Now we run the above code. Then we find the result. In this output, E1 and E2 represent the effect encoding for the Colorvariable. Each level's encoding reflects its deviation from the overall mean, with Green being the reference level implicitly encoded by the negative sum of the other levels. The result is given below - Color E1 E2 0 Red 1 0 1 Blue 0 1 2 Green -1 -1 3 Red 1 0 4 Green -1 -1 5 Blue 0 1 ## Hash Encoder:The hash encoding understanding is essential to first grasp the concept of hashing. It is the process of converting an input of arbitrary size into a fixed-size value. This is done using a hashing algorithm, which generates the hash value based on the input. Hashing is a single way process. This is meaning that it is not possible to reverse-engineer the original input from its hash value. Hashing has various applications. The examples of hashing are data retrieval, data integrity verification, and encryption. There are many hash functions. Message Digest is a hash function. Some examples of message digest are MD2, MD5. There are also Secure Hash Algorithms. The hash encoder is similar to the one-hot encoding. It represents categorical features in new dimensions. The n_component parameter allows you to set variable sizes. For example, a feature with 5 categories can be represented by N new features, and features with 100 groups can be modified using N new features. By default, the hash encoder uses the MD5 hash algorithm. But users can specify a different algorithm if they prefer. An example of a Hash encoder is given below - In this example, the HashingVectorizer transforms categorical data into a fixed number of hashed features (5 in this case). The alternate_sign parameter is set to False to ensure non-negative values. The output is a two-dimensional array representing the mixed features of each category. ## Binary Encoding:Binary encoding combines elements of hash encoding and one-bit encoding. In this method, categorical features are first converted into numerical form using the ordinal encoder. These numerical values are then transformed into their binary equivalents. The binary values are subsequently split into separate columns. Binary encoding is particularly effective in machine learning when dealing with features that have a large number of categories. An example of binary encoding is given below -
Now, we run the above code and find the result. Here, the BinaryEncoder has transformed the categorical values 'A', 'B', and 'C' into the binary-encoded format. The categories are first ordinally encoded to 1, 2, and 3, respectively, and then each number is represented in binary form and split into separate columns. The result is given below - Category_0 Category_1 0 0 1 1 0 2 2 0 3 3 0 1 4 0 2 5 0 3 ## Target Encoding:Target encoding is a method used in data preprocessing to convert categorical variables into numerical values. The one-hot encoding produces a binary string for each category, and target encoding assigns a numerical value to each category based on its relationship to the target variable. This approach is often used to classify activities, using commonalities (or other measurements) of different targets for each category instead of categorical values. Target encoding captures important information from categorical data while reducing the remaining feature space, making it suitable for models such as decision trees and gradient boosting. It is a Bayesian coding technique. Bayesian coders use information about target variables to encode categorical data. In target encoding, the mean of the target variable is calculated for each category, and the mean replaces the category variable. For categorical target variables, each category is replaced by the posterior probability of the target. An example of target encoding is given below -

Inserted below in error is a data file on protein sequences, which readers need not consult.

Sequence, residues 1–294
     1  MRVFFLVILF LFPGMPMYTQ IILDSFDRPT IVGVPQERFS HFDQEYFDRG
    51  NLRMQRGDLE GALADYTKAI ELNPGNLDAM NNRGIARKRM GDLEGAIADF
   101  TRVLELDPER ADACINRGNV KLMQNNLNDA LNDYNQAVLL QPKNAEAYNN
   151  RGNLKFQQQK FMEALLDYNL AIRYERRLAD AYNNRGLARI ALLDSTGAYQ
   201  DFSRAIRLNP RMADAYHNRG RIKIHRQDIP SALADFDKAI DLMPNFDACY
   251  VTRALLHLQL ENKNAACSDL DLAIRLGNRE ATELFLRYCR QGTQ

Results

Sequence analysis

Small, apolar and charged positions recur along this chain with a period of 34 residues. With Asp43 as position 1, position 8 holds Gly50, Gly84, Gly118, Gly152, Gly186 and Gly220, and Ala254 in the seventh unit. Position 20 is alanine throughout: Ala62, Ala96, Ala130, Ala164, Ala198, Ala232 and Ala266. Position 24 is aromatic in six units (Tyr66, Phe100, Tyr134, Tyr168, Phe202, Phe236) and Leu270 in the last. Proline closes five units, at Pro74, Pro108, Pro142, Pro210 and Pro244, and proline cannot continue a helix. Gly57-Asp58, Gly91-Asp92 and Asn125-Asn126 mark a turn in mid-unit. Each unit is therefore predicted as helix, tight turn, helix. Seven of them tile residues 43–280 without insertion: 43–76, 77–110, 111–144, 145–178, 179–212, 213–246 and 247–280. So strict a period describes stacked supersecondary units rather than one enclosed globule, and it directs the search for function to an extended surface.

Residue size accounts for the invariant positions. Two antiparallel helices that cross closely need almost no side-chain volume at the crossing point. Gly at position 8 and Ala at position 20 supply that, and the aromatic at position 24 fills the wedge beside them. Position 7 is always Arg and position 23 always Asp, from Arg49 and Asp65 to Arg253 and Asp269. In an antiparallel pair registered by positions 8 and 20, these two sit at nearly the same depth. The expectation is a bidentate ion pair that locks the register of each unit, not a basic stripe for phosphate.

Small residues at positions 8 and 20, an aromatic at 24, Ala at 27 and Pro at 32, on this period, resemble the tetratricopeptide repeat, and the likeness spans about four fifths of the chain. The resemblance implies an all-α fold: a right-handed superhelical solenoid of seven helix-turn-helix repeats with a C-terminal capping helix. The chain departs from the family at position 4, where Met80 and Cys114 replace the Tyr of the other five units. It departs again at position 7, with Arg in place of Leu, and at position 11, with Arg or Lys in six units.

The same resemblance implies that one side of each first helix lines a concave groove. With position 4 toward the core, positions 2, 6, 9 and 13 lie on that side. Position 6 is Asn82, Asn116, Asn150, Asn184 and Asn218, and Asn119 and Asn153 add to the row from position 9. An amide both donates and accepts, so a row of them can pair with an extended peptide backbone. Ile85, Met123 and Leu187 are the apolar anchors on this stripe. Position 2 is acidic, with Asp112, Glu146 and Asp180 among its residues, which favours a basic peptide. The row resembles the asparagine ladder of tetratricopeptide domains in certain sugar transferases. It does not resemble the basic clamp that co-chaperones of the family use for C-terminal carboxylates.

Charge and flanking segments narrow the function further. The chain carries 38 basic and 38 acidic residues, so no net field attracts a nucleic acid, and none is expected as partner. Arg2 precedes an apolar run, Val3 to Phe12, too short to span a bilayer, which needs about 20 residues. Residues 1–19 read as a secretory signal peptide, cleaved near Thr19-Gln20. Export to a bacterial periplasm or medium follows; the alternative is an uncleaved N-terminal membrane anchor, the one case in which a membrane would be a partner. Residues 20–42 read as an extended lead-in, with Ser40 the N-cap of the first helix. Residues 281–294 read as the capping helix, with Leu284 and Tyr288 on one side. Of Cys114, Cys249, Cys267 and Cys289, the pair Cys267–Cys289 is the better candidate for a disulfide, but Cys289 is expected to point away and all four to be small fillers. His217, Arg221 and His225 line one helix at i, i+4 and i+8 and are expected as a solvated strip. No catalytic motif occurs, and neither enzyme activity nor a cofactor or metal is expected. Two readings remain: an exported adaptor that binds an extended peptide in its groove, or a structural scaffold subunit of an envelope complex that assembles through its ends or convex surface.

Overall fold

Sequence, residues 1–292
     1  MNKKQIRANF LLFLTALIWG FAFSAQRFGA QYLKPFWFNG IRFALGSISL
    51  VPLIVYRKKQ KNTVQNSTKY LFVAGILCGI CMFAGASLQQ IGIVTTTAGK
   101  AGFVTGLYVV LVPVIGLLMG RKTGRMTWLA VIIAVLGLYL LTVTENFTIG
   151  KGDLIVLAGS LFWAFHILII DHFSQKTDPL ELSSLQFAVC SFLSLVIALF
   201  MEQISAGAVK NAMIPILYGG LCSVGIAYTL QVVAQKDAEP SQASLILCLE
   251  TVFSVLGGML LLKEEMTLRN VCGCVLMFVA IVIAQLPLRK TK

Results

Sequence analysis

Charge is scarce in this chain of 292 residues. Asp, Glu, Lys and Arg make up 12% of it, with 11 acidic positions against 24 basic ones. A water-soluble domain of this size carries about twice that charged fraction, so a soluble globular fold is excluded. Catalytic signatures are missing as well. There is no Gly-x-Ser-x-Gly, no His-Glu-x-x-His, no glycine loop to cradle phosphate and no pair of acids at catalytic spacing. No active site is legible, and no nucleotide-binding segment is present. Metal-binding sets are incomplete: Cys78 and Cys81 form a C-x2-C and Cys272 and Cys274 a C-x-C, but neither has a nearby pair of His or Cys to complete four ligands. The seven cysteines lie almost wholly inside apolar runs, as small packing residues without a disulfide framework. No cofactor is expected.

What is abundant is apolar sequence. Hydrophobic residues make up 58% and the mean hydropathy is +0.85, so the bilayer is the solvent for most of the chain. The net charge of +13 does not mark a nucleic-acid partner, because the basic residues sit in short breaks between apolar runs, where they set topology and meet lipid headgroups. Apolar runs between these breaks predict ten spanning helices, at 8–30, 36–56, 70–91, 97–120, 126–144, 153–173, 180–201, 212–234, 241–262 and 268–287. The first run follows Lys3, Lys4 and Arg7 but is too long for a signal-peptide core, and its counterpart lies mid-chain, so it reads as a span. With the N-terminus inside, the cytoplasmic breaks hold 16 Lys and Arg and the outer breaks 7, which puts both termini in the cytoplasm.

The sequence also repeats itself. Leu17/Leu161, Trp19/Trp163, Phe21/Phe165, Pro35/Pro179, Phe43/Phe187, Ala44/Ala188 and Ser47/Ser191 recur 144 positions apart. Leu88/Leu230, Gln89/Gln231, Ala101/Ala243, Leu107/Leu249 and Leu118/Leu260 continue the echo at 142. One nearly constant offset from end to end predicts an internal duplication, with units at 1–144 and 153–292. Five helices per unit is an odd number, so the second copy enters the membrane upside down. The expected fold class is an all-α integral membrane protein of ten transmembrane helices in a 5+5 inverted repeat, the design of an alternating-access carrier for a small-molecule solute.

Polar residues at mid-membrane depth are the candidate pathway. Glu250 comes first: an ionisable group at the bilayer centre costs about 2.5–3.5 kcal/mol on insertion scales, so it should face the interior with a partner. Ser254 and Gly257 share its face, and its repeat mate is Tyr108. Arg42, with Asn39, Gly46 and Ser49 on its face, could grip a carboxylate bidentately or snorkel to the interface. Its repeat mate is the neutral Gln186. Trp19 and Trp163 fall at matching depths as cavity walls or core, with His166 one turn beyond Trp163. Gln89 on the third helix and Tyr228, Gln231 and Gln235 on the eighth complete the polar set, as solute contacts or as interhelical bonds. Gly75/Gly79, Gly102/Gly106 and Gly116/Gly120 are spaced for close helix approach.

Now, we run the above code and find the result. In this example, TargetEncoder converts the categorical data "Category" to a numeric value based on the mean of the variable "Target". Each category is replaced with the mean of the values corresponding to that category. The result is given below - Category Target Encoded_Category 0 A 1 1.0 1 B 2 2.0 2 C 3 3.0 3 A 1 1.0 4 B 2 2.0 5 C 3 3.0 6 A 1 1.0 ## Conclusion:In this tutorial, we will learn about five categorical encoding techniques. These are the basic techniques that every data scientist should know. Encoding the categorical data is an important aspect of feature engineering. It is essential to choose the appropriate encoding scheme based on the dataset and the model being used. This tutorial explores various encoding techniques, highlighting their challenges and suitable use cases. Additionally, we have reviewed different types of encoding in machine learning. |